So I've decided to discuss the topic of banknote grading today rather than profile a new note today because grading is one of the most important skills that a collector of banknotes must possess. As you may have known, the condition--or state of preservation of a banknote--is key to determining its value on the market. Even if you do not place much value on the condition on the condition of notes for your personal collection, having a knowledge of generally accepted grading practice is vital when buying as prices for a given note can vary greatly between conditions.
To better facilitate the buying and selling of banknotes, a standard system for describing their condition has been created by the International Bank Note Society (IBNS). This IBNS grading system is the most commonly used among dealers (at least in the U.S.). Below are the most often encountered grades along with brief descriptions:
Uncirculated--A perfectly preserved bank note, no discoloration or fold lines.
About Uncirculated--A bank note with minor signs of handling, no hard creases.
Extremely Fine--A bank note displaying light handling, maximum of three light folds or one ctrong crease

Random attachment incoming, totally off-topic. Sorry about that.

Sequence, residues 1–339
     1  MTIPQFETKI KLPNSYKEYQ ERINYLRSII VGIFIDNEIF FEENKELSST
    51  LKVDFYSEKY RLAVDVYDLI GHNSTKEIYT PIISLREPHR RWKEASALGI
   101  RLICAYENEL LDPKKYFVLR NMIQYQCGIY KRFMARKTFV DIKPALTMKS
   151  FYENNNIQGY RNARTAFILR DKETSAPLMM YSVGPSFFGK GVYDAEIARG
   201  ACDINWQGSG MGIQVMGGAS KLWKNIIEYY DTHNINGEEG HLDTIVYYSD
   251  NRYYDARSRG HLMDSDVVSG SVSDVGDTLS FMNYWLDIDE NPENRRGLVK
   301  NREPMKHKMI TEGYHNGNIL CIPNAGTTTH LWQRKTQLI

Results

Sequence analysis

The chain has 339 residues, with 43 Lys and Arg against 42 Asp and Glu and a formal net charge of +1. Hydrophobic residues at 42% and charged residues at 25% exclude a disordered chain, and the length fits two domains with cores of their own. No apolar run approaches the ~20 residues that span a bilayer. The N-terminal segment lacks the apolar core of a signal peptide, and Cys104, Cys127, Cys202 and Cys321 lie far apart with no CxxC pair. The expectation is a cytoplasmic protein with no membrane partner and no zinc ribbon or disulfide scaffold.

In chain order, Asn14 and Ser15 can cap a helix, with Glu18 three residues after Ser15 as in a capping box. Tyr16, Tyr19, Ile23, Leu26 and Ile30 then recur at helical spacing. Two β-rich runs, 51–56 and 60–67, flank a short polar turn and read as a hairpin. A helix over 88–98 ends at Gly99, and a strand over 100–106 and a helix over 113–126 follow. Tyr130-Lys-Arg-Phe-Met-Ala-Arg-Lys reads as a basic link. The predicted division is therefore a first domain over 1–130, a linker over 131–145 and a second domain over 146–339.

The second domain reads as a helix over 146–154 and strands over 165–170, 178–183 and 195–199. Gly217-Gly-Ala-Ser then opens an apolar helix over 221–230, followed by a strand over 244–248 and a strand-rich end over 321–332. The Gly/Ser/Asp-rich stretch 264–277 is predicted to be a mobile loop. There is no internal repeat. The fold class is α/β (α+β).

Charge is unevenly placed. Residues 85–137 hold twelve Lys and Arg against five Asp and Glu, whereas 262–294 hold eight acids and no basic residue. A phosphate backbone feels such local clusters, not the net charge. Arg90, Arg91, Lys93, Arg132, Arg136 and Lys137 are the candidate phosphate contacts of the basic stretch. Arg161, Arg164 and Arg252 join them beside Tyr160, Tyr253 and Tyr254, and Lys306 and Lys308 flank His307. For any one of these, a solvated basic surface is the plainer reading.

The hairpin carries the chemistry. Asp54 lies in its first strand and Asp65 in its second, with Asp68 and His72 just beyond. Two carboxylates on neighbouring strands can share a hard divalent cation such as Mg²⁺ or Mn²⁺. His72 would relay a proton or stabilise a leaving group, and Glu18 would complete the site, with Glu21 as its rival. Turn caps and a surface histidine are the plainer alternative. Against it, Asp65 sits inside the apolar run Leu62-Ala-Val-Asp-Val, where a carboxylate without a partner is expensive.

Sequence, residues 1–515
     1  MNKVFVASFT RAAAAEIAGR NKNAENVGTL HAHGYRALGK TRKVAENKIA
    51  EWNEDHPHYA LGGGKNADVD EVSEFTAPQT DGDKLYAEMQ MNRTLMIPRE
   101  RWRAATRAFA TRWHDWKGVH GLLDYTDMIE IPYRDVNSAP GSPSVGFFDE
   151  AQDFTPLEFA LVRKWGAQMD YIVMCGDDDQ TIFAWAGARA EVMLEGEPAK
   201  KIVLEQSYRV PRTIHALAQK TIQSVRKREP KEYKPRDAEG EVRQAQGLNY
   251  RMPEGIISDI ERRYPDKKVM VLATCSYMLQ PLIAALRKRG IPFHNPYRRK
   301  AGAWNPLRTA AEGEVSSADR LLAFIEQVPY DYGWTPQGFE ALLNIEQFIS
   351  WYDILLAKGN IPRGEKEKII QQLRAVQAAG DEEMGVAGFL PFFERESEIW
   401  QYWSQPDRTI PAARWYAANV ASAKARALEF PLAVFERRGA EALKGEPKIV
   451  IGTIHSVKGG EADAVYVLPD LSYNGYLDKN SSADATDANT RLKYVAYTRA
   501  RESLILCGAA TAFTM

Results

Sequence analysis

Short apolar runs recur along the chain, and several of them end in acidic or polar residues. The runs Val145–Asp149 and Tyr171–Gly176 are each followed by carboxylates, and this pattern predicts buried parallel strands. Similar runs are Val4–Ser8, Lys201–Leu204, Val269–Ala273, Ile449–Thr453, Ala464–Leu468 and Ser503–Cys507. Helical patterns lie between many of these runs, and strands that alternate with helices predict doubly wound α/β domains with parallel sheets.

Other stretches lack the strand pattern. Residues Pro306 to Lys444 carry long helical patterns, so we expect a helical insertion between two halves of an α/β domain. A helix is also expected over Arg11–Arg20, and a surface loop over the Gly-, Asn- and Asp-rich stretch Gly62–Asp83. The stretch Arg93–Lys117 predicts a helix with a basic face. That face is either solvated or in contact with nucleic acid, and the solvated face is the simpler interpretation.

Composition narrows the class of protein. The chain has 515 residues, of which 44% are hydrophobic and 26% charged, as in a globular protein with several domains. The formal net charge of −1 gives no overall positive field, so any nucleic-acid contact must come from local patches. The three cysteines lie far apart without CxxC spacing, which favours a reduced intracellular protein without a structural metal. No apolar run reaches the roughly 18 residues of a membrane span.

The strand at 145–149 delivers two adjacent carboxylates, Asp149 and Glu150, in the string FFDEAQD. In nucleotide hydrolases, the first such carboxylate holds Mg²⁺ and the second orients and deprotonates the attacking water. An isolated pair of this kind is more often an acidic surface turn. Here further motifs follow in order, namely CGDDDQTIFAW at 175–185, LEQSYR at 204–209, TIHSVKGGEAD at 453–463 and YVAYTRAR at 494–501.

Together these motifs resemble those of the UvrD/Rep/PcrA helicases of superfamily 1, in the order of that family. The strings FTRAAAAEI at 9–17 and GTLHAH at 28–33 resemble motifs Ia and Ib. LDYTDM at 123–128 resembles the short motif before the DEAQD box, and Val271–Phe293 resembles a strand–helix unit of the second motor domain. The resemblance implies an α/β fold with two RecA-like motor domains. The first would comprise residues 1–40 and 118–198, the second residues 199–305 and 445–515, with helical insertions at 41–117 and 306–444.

Very fine--A bank note showing evidence of handling and wear, minimal discoloration, relatively crisp paper.
Fine--A bank note that has considerable wear, minor tears at borders, no center hole (caused by excessive folding)
Very Good--A bank note well worn note, minor tears, center hole may be present
Good--A very worn banknote, folds, stains, creases, tears--no large pieces of the note are missing.
As you can probably tell from the above descriptions, the grading system contains a great deal of subjectivity. This is why I don't purchase notes online. One man's 'very fine' might be another's 'extremely fine'. For this reason I examine every note that I purchase for my personal collection in person in order to determine if it meets the standards that I desire. When there are large price differences between grades (and there often are) it becomes especially important that one be capable of discerning the grade of a note and do so. For a deeper discussion of the grading system, visit